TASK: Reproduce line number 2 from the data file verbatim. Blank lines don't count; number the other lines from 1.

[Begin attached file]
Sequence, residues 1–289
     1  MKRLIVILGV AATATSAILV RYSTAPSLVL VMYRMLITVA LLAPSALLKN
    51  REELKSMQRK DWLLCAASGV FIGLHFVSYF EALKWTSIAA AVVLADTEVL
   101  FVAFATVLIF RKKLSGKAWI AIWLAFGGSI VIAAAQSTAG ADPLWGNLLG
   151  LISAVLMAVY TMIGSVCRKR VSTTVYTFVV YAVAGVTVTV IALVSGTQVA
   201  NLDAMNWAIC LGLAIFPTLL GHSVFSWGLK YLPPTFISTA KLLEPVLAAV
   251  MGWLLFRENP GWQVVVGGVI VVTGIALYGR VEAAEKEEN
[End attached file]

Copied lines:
     1  MKRLIVILGV AATATSAILV RYSTAPSLVL VMYRMLITVA LLAPSALLKN